Title:
DEVICES AND METHODS FOR CROSSING CHRONIC TOTAL OCCLUSIONS
Kind Code:
A1


Abstract:
Devices and methods for crossing total chronic occlusions in body lumens (e.g., blood vessels, etc.). The devices and methods may involve guidewire assisted delivery of a device designed to both traverse a chronic total occlusion (CTO) and create a passageway through the CTO for a treatment device (e.g., an angioplasty balloon, stent, etc.). Some devices of the present invention may include an expandable sleeve constructed of material that expands in response to temperature changes. In other devices, an expandable sleeve may be provided in which two or more interlocking cylindrical sections can be arranged such that the cylindrical sections have a first, smaller diameter at which the expandable sleeve can be inserted through a CTO. The expandable sleeve also has a second, larger diameter that can be achieved by moving the two or more interlocking cylindrical sections relative to each other such that the expandable sleeve moves from the first diameter to the second diameter when the expandable sleeve is located across the CTO. In other aspects, a guide catheter may include a friction-enhanced outer surface to assist in maintaining the guide catheter in a selected location during use. The friction-enhanced property may be provided using, e.g., materials with an increased coefficient of friction, adding features to the surface of an otherwise smooth guide catheter, etc.



Inventors:
Sandhu, Gurpreet S. (Rochester, MN, US)
Rihal, Charanjit S. (Rochester, MN, US)
Application Number:
12/302142
Publication Date:
02/04/2010
Filing Date:
05/22/2007
Assignee:
Mayo Foundation for Medical Education and Research (Rochester, MN, US)
Primary Class:
Other Classes:
604/264
International Classes:
A61M29/00; A61M25/00
View Patent Images:
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Primary Examiner:
MCEVOY, THOMAS M
Attorney, Agent or Firm:
MUETING RAASCH GROUP (MINNEAPOLIS, MN, US)
Claims:
1. A chronic total occlusion expansion device comprising: an elongated body comprising a proximal end and a distal end; a thermoelectric expandable sleeve on the elongated body proximate the distal end of the elongated body, wherein the thermoelectric expandable sleeve comprises a first diameter and a second diameter larger than the first diameter when the thermoelectric expandable sleeve is heated above a selected temperature; an electric conductor extending from the thermoelectric expandable sleeve towards the proximal end of the elongated body; and an optional electric power source adapted for electrical connection to the electric conductor element to provide electric energy to raise the temperature of the thermoelectric expandable sleeve; wherein raising the temperature of the thermoelectric expandable sleeve to the selected temperature or higher causes the thermoelectric expandable sleeve to expand from the first diameter to the second diameter.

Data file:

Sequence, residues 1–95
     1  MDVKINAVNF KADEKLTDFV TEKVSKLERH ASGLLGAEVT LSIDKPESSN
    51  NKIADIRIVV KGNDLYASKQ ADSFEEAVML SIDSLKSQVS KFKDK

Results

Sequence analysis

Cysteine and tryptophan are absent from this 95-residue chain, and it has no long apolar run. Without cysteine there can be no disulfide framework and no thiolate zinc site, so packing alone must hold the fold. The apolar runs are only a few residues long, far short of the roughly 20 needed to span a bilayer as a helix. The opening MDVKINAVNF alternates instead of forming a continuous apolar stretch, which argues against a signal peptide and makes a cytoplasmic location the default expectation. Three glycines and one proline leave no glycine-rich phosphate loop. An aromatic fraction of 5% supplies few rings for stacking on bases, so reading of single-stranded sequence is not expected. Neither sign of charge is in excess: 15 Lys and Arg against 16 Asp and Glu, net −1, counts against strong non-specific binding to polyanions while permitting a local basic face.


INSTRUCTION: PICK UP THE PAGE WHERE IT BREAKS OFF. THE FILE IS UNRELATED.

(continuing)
2. A device according to claim 1, wherein the thermoelectric expandable sleeve comprises a metal, and wherein, optionally, the metal has a coefficient of thermal expansion of about 10 or more.

3. A device according to claim 1, wherein the thermoelectric expandable sleeve consists essentially of a metal with a coefficient of thermal expansion of about 10 or more.

4. A device according to claim 1, wherein the thermoelectric expandable sleeve comprises a bimetallic element.

5. A device according to claim 1, wherein the thermoelectric expandable sleeve comprises an expandable gel/polymer.

6. A device according to claim 1, wherein the expandable sleeve comprises a mesh.

7. A device according to claim 1, wherein the second diameter of the thermoelectric expandable sleeve is 105% or more of the first diameter of the thermoelectric expandable sleeve.